The identification of new prognostic markers may help to better distinguish low from high risk disease apart from the classical histopathologic and clinical criteria and may unravel new targets for therapy. The mechanism of malignant transformation of melanocytes is poorly understood, but growth factors and their receptors play an important role in the progression of melanoma . Moreover, alterations in the mitogen-activated protein kinase pathway are almost uniformly present in melanoma. While RAS itself is only infrequently mutated in melanoma  the downstream BRAF gene of the mitogen activated protein kinase pathway is mutated in 60% to 70% of superficial spreading melanomas . On the other hand, a genetic host factor may offer a better stratification of patients into more refined risk categories without the need for tumor tissue. For example, the A61G single nucleotide polymorphism (SNP) in the EGF gene which operates via RAS and BRAF in melanocytic tumors has recently been associated with risk for metastasis in melanoma patients .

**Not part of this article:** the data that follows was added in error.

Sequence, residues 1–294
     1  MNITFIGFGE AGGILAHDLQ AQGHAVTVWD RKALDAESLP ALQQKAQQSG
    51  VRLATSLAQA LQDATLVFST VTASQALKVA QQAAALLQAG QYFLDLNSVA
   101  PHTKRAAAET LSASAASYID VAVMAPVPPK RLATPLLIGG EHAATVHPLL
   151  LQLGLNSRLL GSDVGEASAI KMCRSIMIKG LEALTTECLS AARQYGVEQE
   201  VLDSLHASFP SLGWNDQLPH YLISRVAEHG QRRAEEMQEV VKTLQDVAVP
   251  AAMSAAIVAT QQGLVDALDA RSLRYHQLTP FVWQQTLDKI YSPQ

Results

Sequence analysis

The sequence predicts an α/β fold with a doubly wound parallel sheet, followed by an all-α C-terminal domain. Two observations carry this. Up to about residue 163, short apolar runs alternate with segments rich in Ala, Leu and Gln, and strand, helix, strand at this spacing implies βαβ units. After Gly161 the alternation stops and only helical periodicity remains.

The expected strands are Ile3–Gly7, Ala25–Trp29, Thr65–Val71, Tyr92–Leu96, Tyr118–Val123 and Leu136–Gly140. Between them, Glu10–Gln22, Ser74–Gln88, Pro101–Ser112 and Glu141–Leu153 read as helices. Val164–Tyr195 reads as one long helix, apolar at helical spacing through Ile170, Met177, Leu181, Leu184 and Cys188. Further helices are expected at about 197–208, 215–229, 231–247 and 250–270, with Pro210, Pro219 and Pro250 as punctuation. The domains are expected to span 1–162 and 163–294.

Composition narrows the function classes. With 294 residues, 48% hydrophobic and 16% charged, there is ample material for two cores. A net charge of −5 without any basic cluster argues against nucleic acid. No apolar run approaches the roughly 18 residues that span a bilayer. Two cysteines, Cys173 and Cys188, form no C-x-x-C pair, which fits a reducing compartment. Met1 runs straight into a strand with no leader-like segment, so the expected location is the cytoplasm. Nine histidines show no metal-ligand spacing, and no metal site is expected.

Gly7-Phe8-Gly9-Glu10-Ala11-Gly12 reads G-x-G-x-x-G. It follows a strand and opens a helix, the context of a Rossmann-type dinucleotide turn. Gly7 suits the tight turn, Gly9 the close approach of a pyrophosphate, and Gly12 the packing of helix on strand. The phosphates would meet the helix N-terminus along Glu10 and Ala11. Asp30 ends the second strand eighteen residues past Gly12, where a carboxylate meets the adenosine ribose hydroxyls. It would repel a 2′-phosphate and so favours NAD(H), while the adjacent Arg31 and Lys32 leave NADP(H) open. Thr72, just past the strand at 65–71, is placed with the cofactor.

We have recently shown that the T393C polymorphism in the gene GNAS1, which encodes the G_s subunit of heterotrimeric G protein, is significantly associated with the clinical outcome of patients suffering from bladder cancer , colorectal cancer , chronic lymphocytic leukaemia , and renal cell carcinoma . We also demonstrated that the T allele of GNAS1 T393C polymorphism is associated with increased Gαs mRNA expression in a variety of tissues, including tumor tissue . In vitro experiments suggest that an increased expression of Gαs is associated with enhanced apoptosis and that the second messenger cAMP, which functions downstream of G proteins, plays a major role in this pro-apoptotic process [17–20]. Hence, an increased Gαs expression with concomitantly enhanced apoptosis may be also associated with better survival in melanoma patients with TT genotypes.